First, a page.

Every time you read about the gig economy in the local news, you get the feeling that freelancers and gig workers are descending upon Singapore in a swarm, leaving destruction in their wake, refusing to submit to a desk job like any good Singaporean should, and becoming the potential victim of problems like lack of CPF savings and income instability that taxpayers will have to bail them out of.
Before you demonise gig workers further, it’s time to acknowledge that the burgeoning gig economy does present many benefits that Singapore society as whole can reap, such as the following.
1. The gig economy offers Singaporeans a better chance at flexibility and work-life balance
The unstoppable rise of the number of freelancers in Singapore has been fuelled in large part by a desire for work-life balance and flexibility that traditional jobs have failed to provide.
Given the very long hours worked in Singapore compared to almost anywhere else in the world, it’s no surprise that lack of work-life balance has been blamed for the low birth rate, which has huge implications for Singapore’s future.
Poor work-life balance is also behind Singapore workers’ overwhelming unhappiness, which undoubtedly has an impact on productivity levels, quality of work and more.
The rise of freelancing and the gig economy gives more Singaporeans the option of flexibility and work-life balance, which could encourage them to have more kids or just be less miserable.
In particular, mothers who wish to re-enter the workforce but find themselves discriminated against by employers or pressured to pull 12-hour work days might find gig work a welcome option.
2. Gig work can boost job and retirement security for some
The government has been moaning about how gig workers have no CPF savings and how there’s going to be an apocalypse of people who won’t have enough money to retire a few decades from now.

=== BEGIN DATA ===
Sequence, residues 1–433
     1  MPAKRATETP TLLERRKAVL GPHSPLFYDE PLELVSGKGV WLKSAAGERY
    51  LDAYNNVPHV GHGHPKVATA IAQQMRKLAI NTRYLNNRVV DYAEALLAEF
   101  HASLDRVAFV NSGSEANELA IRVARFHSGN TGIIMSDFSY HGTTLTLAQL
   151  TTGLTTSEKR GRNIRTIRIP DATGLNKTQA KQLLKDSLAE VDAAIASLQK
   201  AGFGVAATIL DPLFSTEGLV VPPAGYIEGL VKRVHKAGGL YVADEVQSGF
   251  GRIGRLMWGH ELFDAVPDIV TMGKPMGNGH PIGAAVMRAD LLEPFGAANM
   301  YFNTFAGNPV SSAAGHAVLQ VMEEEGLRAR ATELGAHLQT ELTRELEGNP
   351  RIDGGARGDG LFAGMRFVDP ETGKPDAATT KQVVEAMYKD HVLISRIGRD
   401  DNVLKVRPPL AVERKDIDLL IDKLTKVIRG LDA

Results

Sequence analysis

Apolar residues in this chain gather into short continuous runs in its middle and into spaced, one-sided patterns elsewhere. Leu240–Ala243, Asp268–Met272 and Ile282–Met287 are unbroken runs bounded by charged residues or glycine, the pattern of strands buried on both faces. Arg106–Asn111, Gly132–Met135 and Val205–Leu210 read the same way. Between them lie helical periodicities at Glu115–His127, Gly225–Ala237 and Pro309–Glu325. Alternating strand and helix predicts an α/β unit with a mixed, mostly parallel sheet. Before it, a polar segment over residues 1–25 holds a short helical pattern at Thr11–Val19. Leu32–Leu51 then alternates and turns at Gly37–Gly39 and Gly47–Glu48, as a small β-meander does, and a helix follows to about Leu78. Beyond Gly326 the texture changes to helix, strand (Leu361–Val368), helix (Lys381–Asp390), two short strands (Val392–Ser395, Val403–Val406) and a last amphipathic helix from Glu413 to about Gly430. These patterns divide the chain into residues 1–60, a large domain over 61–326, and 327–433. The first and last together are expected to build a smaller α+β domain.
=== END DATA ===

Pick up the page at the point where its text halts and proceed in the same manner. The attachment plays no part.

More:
But gig work can actually boost job and retirement security for some members of the population.
Those who are working in full-time jobs can turn to the gig economy to boost their income, whether by freelancing, driving for Grab/Uber, looking after pets on Pawshake or moonlighting as private tutors. Retrenchment, which is always lurking around the corner when one reaches a certain age, does not need to be a death sentence for one’s bank account.
Gig work can also be an option for the retired or semi-retired who wish to earn a bit of cash without committing to the pressure of full-time work.
Finally, as there are no unemployment benefits in Singapore, the newly-retrenched can turn to gig work such as private car hire driving to replace their lost incomes until they find a new job. This means less demand on government reserves to look after the jobless or newly-jobless.
What’s more, the lack of CPF is a blow only to those who don’t know how to manage their money and need a nanny state to step in and save that money for them. It shouldn’t be used as a blanket argument to tar everyone in the gig economy with the same brush.
While there are some gig workers living hand-to-mouth, there are many who are earning more than they would be able to in traditional employment, especially in the creative fields.
3. Employers may be forced to improve work conditions
While the majority of working Singaporeans right now are salaried employees, a few years down the road employers might find it more and more difficult to hire full-time employees in certain sectors, especially those that are relatively underpaid when compared to their freelance cousins.
Gig work gives a certain group of people the option of working for themselves rather than accepting low pay and unreasonable working hours in employment.
This is particularly pertinent in creative industries and PR, where excruciatingly long hours can be accompanied nonetheless by low pay, and where freelance work can be much more lucrative.
Eventually, in order to retain talent, employers may be forced to re-examine the workload they place on employees, or resign themselves to relying on freelance talent, which gets more expensive the heavier the workload.
4. Businesses can get the skills they need, when they need them
Many employees complain that they spend their most of their work day doing useless busy-work such as admin, and not the actual job for which they were hired.
For businesses, this is an inefficient use of talent. If there is not enough “real” work to go around, businesses might be better off simply hiring freelancers to do the necessary work, and then have cheaper admin staff around to do the rest.
For workers as well, this can only be a good thing, as they will be able to advance their skills in their chosen areas without getting bogged down by worthless tasks.
What other benefits do you think the gig economy can bring to Singapore? Share your views in the comments!